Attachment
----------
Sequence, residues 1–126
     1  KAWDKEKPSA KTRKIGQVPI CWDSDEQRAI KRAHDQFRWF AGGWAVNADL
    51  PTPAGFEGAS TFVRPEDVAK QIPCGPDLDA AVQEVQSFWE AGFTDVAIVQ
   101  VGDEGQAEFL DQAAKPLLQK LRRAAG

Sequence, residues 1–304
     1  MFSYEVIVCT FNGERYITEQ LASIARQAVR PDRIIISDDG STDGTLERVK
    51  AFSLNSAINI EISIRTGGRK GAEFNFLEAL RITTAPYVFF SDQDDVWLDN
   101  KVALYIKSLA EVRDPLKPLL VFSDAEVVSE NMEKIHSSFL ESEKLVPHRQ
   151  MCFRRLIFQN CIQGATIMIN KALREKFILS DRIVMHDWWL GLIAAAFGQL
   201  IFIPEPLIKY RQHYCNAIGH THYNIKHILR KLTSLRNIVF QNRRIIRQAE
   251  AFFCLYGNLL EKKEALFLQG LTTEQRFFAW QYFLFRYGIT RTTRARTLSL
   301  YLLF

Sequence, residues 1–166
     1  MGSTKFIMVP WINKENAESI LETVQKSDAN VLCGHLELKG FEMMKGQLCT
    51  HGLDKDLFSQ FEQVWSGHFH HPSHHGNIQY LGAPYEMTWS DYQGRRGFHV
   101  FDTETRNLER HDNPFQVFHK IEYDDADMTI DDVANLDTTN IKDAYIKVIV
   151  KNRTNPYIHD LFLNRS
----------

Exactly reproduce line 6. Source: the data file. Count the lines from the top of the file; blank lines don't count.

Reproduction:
     1  MFSYEVIVCT FNGERYITEQ LASIARQAVR PDRIIISDDG STDGTLERVK